But just to play along, I would argue Healthcare SHOULD be under the direct oversight and regulation of the Federal Government simply because, just like Education and employment,  it most assuredly does involve the equal protection clause of the 14th Amendment. the guarantee of equal treatment of citizens of all states under all laws at local, state, and federal level.

Besides, the regulation of health policies is a nationwide issue, that affects the citizens of all the states.  All states receive Federal monies for Medicaid, all states have citizens that receive medical care paid for by a National Health program called Medicare, all states have citizens who are veterans and have healthcare policies through the Federal agency VA, all states have citizens that receive medical disability money from the Federal Government.  It CANNOT BE a pure state issue.

My red herring?

You, in typical Progressive fashion, have taken the equal protection concept and expanded it beyond recognition.

The supremacy clause is meant to give the Fed gov the power to override a State law that inhibits on a person's rights within that State. Voting rights, for example. Utah couldn't just implement a law that requires a test be taken before someone is allowed to register to vote. That is equal protection.

Health Care, not being a right nor an enumerated power of Congress, has nothing to do with the supremacy clause or equal protection.

Spare me the Progressive narrative about Medicare too. It is a perversion of the general welfare clause and commerce clauses.  None of these programs should have been allowed to come into existence without a Constitutional Amendment.

Every problem we face today can be traced directly back to someone like you conferring rights and powers to the Federal government that were never intended nor enumerated in the Constitution.

In Denial

So, you agree that the 14th Amendment was meant to overrule and assert supremacy over the Tenth?  That the Federal Government has supremacy over the States in every case that involves a person's rights to both due process and equal treatment under the law?

Then how can the orignial poster's "modest proposal" be anything but a States' Rights pipedream?  Obviously the Federal Government has an ongoing obligation to protect the rights of all citizens equally when it comes to education, when it comes to employment, when it comes to safety and when it comes to any and all issues that have nationwide implications.

In 1973, the Supreme Court also gave the Federal Government the right to regulate the right of a woman to choose what she wants to do with her body in the first trimester of pregnancy, regardless of local or state laws or statutes that prevented health facilities and professionals from offering these services.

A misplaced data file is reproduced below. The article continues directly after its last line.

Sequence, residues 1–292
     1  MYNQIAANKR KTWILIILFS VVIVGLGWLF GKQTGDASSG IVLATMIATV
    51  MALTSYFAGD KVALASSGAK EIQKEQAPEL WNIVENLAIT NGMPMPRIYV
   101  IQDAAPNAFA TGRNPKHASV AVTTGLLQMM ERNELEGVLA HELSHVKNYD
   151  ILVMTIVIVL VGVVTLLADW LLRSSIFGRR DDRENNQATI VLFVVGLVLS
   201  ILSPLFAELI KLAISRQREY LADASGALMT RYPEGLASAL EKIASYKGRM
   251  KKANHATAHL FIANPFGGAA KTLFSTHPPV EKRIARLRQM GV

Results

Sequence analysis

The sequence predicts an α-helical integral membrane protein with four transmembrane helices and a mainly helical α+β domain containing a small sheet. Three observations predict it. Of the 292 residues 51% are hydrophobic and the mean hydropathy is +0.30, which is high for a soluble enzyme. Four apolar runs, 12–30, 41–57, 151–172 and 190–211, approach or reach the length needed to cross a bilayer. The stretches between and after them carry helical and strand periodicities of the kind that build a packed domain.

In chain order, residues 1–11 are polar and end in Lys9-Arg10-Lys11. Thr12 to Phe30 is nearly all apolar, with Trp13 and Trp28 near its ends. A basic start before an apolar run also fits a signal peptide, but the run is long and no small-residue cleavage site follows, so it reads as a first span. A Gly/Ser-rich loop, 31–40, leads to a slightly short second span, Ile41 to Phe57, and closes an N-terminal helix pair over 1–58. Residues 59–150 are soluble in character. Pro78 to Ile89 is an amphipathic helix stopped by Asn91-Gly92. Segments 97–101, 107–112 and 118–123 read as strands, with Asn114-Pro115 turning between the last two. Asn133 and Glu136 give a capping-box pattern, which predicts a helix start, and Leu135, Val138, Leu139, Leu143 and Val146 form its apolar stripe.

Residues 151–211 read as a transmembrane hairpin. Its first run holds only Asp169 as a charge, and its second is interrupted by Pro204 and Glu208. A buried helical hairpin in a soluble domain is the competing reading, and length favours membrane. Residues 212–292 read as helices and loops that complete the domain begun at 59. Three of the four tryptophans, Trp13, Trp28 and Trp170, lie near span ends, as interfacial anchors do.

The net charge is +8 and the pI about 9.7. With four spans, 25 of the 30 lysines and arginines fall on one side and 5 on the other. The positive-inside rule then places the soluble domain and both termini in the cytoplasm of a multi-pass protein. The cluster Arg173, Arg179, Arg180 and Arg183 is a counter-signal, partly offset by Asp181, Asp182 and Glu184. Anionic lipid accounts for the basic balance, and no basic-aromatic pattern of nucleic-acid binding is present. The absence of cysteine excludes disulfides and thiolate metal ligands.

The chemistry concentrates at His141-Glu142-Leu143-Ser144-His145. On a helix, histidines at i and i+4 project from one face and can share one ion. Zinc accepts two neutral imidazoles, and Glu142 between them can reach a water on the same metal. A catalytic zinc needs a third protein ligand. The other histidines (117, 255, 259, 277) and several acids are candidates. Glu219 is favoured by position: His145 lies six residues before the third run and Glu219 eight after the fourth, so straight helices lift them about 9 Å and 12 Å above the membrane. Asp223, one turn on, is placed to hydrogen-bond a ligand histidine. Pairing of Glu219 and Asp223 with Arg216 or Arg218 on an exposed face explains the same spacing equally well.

It's still stare decisis US Law, despite almost 40 years of attempts by people like you to return that right to the States.

Your point of view is in the fringe minority in this country, and rightly so. I would LOVE for any GOP candidate to come out and campaign on how Medicare is a "perversion of the general welfare and commerce clauses".  You would be laughed out of any election you entered.

I think you should do the honorable thing, and renounce these perversions.  I think you should sign waivers renouncing any access to Medicare or Social Secuity for yourself, your assigns and heirs, and all you family forever. 

You should feel thus cleansed of Socialism, and then you should call your parents and break the news to them.

You are ridiculous.

The Constitution was written to Govern the Government

The Tea Pary "Gets it", and as M.E. Bradford says in his Origninal Intentions....... "

Americans do not wish to be governed by an omnicompetent, divinized state, so full of good intentions that it will stop at nothing to realize them." p135. Original Intentions

The common Thread of the Tea Party Spontaneously across 50 States, is that the Government needs to be Controlled.

That is the Revolutionary connection to enforcing the Constitution, and Obama nominating Czars outside of the Constitution, is ground for getting Obama's Butt under control, via VOTES, as the Founding Fathers intended.


Congress, America is coming for YOU.


...take a deep breath, clean the spittle off your chin, and think, man.

The COnstitution laid down the structure and framework of how the American System of Government works, but the framers got to work right away on Amendments.

The Bill of Rights was not written to "govern the Government", but to guarante the rights of the States.and their citizens before the Federal Governmet.

I can see no common thread of the Tea Party across all 50 states. I see corporations and special interests and Dick Armey up to their elbows in controlling the funding, organization, and especially leadership of the Tea Parties.  That is, when there's not total dysfunctional anarchy.

There IS no "revolutionary connection to enforcing the Constitution",  whatever that means, 

" Obama' s Czars outside the Constitution"  exist only in your fevered, FOX-ridden brain.

And last time the votes were counted, Obama won an overwhelming, historic decision over your ideas, by a huge 7-million-vote margin, across all demographic groups.

Obama's approval ratings have been generally positive, and have remained within a 3% margin of error of the 53% of American voters who elected him in 2008 for a year.

Wake up and smell the coffeee, 1speed.  We cannot go into reverse, your native mode.  We are Americans, and Americans progress FORWARD.  Here's a tissue, now blow your nose.

you do not see a common thread, as you are not a Member

That's an Assumption on my part, that you have not attended a Tea Party, you didn't go to DC on 9/12.   Those of us who Showed up, joined, logged an Email, and keep in touch nationwide, see the commonality.  

You do not see the common connection, Tea party members do.   Not a Big deal.  We like being accused of being un-organized and stupid, especially by stupid democrats trying to paint us as radicals.......its very motivational, and helps us go "Stealth".......Dems and the Media are looking for radicals, and we're looking for TP Candidates to push towards the Elections.